Prolactinoma Clinical Presentation

Updated: Feb 15, 2022
  • Author: Venkatesh Babu Segu, MD, MBBS, DM; Chief Editor: Romesh Khardori, MD, PhD, FACP  more...
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Prolactinomas can cause symptoms secondary to the hormonal effects of excess PRL and to the space-occupying effects of the tumor itself.

The clinical features of sustained hyperprolactinemia (which vary with the duration and degree of the condition, as well as with the age and sex of the patient) are as follows [14, 16] :

  • Reproductive-aged females can present with menstrual disturbance and/or infertility. [5] The usual menstrual aberration in these women is oligomenorrhea, amenorrhea, or the occurrence of irregular menstrual cycles. Occasionally, if the prolactinoma occurs in a person of younger age, delayed menarche can result.

  • Galactorrhea can be spontaneous or expressive (only upon squeezing of the nipples). Galactorrhea is observed in 30-80% of these women and can be quite distressing for the patient.

  • Other features of hypoestrogenism include vaginal dryness, dyspareunia, and a decline in bone mineral density (ie, osteopenia or osteoporosis). [6]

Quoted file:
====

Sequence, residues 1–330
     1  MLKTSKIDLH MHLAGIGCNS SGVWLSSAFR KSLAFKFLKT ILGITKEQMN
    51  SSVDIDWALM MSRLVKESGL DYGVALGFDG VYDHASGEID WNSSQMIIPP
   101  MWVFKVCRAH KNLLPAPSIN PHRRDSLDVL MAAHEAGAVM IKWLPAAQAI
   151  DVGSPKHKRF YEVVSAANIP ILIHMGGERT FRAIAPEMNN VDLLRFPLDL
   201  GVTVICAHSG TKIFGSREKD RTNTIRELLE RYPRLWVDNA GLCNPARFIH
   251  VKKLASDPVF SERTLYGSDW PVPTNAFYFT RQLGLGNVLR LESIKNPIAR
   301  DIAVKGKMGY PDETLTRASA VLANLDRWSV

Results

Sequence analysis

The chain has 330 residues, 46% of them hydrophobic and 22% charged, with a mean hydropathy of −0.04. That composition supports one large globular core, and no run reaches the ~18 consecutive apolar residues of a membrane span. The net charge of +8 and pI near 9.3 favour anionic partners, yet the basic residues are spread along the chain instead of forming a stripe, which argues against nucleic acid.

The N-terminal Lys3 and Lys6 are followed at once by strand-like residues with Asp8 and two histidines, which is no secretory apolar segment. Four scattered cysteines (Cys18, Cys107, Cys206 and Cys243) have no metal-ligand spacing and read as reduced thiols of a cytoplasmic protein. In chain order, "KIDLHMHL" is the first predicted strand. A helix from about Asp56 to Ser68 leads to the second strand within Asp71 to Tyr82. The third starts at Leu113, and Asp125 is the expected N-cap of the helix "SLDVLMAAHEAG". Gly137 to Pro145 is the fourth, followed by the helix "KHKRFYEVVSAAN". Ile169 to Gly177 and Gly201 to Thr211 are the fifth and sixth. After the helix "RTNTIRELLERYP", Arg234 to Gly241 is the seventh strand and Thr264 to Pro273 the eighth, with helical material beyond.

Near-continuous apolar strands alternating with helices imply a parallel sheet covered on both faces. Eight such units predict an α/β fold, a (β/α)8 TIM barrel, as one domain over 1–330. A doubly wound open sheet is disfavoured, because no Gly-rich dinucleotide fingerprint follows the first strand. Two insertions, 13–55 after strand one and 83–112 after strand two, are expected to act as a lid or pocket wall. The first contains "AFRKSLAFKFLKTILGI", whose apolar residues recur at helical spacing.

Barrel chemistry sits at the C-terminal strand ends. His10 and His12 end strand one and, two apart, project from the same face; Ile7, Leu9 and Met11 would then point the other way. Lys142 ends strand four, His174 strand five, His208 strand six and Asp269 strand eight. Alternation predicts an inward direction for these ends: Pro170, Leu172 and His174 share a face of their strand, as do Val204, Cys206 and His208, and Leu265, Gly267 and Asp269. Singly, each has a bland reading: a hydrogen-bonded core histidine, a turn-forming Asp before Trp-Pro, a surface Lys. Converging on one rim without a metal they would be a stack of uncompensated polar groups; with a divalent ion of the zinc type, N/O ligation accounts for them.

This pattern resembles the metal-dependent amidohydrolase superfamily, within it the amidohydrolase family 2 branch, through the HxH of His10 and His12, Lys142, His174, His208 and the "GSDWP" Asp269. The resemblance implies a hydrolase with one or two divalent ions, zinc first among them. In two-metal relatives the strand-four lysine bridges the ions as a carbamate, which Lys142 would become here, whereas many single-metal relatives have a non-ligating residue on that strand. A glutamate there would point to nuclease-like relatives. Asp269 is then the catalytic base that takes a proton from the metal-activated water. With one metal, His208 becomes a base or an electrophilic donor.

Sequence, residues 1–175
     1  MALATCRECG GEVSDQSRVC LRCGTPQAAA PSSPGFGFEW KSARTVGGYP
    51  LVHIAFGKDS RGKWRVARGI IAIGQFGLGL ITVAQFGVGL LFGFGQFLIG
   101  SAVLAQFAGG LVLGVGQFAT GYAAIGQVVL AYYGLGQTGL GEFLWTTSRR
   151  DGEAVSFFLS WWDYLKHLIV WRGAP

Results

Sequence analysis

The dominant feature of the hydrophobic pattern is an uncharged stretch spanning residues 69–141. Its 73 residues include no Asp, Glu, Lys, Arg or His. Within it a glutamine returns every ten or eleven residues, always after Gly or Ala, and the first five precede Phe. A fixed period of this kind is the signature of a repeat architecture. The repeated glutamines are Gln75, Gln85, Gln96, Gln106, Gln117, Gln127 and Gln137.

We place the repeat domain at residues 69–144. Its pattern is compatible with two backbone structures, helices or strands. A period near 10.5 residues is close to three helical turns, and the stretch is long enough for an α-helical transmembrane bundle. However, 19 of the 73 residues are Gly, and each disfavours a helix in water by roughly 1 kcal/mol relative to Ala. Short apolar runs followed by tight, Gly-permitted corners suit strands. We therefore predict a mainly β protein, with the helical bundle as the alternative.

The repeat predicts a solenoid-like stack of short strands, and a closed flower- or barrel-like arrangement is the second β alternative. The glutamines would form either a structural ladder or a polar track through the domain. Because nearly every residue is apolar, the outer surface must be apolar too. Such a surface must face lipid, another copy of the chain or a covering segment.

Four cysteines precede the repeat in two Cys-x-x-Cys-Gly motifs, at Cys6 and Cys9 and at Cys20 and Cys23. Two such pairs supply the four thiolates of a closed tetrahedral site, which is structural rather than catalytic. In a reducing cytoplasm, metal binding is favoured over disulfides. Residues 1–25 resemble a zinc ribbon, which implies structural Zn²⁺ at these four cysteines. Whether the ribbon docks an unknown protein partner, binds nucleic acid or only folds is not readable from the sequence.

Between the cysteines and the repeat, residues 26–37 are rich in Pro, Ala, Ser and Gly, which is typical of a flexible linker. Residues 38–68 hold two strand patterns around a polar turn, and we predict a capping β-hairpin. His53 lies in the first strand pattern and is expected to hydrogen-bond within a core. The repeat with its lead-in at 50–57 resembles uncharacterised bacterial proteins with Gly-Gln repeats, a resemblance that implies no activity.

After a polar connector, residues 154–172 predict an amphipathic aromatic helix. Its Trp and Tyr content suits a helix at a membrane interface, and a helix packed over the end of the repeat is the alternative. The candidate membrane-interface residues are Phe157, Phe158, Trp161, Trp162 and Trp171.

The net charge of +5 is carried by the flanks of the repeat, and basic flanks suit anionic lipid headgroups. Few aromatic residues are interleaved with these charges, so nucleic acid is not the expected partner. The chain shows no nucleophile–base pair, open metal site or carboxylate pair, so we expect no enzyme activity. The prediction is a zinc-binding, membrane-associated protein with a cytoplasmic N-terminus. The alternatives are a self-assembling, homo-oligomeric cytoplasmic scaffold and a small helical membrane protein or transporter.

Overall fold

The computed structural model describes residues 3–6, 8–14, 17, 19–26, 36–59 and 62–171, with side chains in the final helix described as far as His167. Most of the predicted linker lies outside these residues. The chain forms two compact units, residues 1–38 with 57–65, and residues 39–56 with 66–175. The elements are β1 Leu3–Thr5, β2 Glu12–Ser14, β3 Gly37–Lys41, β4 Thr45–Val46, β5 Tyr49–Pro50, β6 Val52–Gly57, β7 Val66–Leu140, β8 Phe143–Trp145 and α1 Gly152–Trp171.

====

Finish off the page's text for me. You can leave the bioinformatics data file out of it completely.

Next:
• Men with prolactinoma have 1 or more features of hypogonadism, which may include decreased libido, erectile dysfunction, or infertility. [7] Gynecomastia is very unusual in these men.

  • If a prolactinoma develops prepubertally, hyperprolactinemia may result in a female body habitus and small testicles.

  • If the prolactinoma is large enough to compress the surrounding normal hormone-secreting pituitary cells, it may result in deficiencies of 1 or more hormones (eg, thyroid-stimulating hormone [TSH], GH, adrenocorticotropic hormone).

Correlating with the size of the tumor, the space-occupying effects of prolactinoma are same as any other large tumor:

  • Larger tumors are frequently associated with headache secondary to stretching of the pain-sensitive structures around the pituitary gland. [8]

  • Encroachment of surrounding tissues may result in visual problems in the form of field defects. Visual problems range from bitemporal hemianopsia (from compression of the optic chiasm), which is common, to total vision loss and ophthalmoplegia (from compression of cranial nerves III, IV, or VI).

  • Postmenopausal women and elderly men often present with the space-occupying effects of the tumor.



In women, focus the physical examination on assessment for galactorrhea and the identification of clinical signs of estrogen deficiency.

In men, examine testicular size and consistency, as well as the pattern of hair on the body. Also assess for the rare occurrence of gynecomastia.

In male and female patients, assess visual acuity and visual fields (by the confrontation method) and perform a cranial nerve examination at the bedside to help determine if the tumor has caused any mass effect.